Rated PG-13 for thematic elements and brief strong language
[img]http://www.hometheatershack.com/gallery/file.php?n=93570[/img]Well, at least the video is great. Warner has given “Collateral Beauty” a fantastic looking 2.40:1 AVC encoded Blu-ray that just looks stunning in motion. Clear clean, the digitally shot image looks impeccably precise, with a fairly neutral looking color grading. Skin tones are well balanced and the contrast levels are pinpoint accurate. The primary colors just pop off the screen in the holiday set time of year, with the bright red of Christmas balls looking crimson and deep, while the whites and blues of the sterile looking office manages to be extremely appealing despite the lack of any sumptuous coloring. Blacks are deep and inky with no signs of crush or washed out levels, and fine detailing is exquisite. You can see very pore and tear streaming down Smith’s face, and the intimate details like clothing and building textures leave nothing to the imagination. I’m EXTREMELY sad that Warner didn’t give this one a 4K UHD release, as the film just lends itself to eye candy, but the Blu-ray is still almost perfect.
[img]http://www.hometheatershack.com/gallery/file.php?n=93578[/img]“Collateral Beauty” is what I like to call a perfect representation of a sad drama. It’s heavily dialog centric and that naturally keeps most of the heavy lifting in the front three speakers, but also utilizes some rather precise use of the surrounds that give it a very homey and pleasing auditory experience without every delving into demo worthy range. The front soundstage is impeccably balanced, with each and every sound having a unique texture and tone to it. You can hear the creaking of bicycle wheels despite the droning score (sorry, it’s well done on a technical level, but you can just hear the manipulative emotional strings being pulled with every chord), and the vocals never feel underpowered or overbearing no matter if someone is yelling or whispering. LFE is tight and constrained, but added in judiciously to accompany the music or add to the thunder of a subway train. Surrounds get some decent use here and there, mostly to add a sense of envelopment with the big city noises, and the rumbling and roaring of the undergrounds subway. It’s a well done track, and fits very nicely in the cubbyhole of the front heavy dramatic film genre.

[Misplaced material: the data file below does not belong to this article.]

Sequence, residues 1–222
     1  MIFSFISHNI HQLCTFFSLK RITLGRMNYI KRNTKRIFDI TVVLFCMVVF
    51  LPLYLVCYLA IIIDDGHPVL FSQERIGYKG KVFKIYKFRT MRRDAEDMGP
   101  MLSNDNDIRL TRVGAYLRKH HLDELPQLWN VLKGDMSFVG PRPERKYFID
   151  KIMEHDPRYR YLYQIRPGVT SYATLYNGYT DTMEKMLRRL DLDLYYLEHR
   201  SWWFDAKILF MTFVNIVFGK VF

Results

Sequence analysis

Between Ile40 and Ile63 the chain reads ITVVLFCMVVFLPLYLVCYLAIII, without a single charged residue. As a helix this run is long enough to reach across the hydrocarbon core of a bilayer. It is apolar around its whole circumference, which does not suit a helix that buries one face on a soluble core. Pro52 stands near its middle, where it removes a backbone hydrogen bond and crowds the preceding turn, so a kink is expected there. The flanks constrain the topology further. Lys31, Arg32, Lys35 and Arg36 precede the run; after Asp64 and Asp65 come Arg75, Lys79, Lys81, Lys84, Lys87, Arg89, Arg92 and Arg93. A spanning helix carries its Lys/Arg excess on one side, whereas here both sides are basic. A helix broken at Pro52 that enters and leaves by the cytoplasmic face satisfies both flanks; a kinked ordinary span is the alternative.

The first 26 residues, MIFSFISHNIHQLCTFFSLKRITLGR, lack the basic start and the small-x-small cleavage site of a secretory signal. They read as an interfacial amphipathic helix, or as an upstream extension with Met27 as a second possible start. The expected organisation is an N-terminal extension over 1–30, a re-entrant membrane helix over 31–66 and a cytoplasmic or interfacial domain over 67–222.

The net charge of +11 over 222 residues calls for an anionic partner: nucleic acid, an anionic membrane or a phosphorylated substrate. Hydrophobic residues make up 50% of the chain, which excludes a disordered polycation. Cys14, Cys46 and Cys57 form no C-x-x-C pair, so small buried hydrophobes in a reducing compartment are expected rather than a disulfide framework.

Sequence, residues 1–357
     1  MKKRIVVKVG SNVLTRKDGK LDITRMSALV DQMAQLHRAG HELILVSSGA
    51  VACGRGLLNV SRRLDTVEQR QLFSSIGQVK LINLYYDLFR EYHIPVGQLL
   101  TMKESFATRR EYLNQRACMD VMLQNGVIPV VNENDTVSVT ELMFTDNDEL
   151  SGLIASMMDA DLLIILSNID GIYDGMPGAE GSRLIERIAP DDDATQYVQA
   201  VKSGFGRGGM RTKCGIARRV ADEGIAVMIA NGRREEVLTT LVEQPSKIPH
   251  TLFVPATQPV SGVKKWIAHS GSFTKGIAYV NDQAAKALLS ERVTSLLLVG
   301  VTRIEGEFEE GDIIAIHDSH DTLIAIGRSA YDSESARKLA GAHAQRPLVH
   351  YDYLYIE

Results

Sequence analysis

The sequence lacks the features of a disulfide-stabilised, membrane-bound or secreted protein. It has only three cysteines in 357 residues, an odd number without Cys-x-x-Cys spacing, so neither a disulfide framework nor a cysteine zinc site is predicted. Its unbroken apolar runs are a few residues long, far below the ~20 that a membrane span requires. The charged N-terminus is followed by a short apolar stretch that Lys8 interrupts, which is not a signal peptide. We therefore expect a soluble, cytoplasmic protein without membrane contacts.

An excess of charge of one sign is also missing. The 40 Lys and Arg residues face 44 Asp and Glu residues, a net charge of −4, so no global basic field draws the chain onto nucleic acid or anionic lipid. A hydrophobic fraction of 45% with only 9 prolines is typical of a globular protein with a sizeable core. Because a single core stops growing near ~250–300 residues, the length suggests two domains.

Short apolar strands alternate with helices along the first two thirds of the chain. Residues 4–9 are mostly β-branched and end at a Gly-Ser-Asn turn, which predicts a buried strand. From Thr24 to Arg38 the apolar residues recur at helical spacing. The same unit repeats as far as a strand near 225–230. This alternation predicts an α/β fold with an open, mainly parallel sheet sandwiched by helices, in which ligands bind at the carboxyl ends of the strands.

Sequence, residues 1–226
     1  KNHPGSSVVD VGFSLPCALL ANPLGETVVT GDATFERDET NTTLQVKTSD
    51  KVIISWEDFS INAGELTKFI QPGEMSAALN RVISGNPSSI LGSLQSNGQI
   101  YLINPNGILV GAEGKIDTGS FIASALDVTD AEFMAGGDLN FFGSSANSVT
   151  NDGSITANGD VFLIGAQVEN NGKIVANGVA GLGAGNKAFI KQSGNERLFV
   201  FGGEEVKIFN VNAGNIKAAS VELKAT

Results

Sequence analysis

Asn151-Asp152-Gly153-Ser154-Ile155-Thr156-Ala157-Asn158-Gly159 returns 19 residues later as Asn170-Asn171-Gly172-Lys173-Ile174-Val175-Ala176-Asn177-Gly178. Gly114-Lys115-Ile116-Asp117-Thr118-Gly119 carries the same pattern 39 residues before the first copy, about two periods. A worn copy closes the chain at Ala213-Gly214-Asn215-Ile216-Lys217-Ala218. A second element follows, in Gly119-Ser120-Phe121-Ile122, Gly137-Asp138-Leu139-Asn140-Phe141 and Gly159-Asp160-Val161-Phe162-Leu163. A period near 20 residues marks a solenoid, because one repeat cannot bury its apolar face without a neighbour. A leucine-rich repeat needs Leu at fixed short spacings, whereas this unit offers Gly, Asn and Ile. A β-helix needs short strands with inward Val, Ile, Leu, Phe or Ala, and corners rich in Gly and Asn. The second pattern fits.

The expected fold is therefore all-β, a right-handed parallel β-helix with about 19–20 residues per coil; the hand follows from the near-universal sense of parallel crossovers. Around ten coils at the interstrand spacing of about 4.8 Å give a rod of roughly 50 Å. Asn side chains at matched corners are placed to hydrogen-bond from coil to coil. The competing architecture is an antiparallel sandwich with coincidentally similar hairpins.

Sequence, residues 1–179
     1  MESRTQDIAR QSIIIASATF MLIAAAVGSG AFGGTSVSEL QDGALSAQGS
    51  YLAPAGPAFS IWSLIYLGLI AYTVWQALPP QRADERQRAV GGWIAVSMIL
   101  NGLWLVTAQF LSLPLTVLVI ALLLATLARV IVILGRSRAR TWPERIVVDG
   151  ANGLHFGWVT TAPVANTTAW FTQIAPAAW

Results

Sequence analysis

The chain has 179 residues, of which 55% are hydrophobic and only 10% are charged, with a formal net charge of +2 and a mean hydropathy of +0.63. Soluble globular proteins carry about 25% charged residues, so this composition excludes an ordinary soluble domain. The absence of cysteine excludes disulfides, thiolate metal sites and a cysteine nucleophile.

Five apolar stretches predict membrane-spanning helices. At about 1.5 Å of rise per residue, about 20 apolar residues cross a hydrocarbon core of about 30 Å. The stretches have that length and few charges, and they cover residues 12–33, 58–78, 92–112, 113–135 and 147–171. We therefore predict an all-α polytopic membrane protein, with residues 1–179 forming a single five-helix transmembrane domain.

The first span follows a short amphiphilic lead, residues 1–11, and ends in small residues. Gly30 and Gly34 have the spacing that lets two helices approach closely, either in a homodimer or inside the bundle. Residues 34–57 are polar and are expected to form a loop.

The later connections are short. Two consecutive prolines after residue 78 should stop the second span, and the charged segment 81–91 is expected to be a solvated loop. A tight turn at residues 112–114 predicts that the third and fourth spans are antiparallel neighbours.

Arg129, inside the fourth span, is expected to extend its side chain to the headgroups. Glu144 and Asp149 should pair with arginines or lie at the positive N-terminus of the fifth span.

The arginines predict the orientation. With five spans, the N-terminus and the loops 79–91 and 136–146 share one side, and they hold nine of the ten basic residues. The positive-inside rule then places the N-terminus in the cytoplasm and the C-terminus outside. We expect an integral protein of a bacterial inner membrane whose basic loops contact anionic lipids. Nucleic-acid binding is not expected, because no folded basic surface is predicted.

• A Modern Fable: Discovering "Collateral Beauty"
I’m actually really saddened by the failure of “Collateral Beauty”. I really am. The cast was phenomenal in casting, and there was more talent on screen than most movies can ever hope for. Mirren, Norton, Smith, Winslet, Pena (who I usually adore), Knightley, and Naomie Harris. The trailer looked pretty decent, but with all that talent, and all that effort I was actually horrified how badly this experiment turned out. I usually try to find the good in every movie I see (sometimes over grading them as a result), but I just can’t, with any clear conscience, give this one any more than 2 stars. The audio and video are fantastic, but that still can’t buoy a sinking ship, and this ship is at the bottom of the ocean. Skip It.
Starring: Will Smith, Edward Norton, Kate Winslet
Directed by: David Frankel
Written by: Allan Loeb
Aspect Ratio: 2.40:1 AVC
Audio: English: DTS-HD MA 5.1, French, Spanish, Portuguese, English DD 5.1
Studio: Warner Brothers
Runtime: 97 Minutes
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Recommendation: Skip It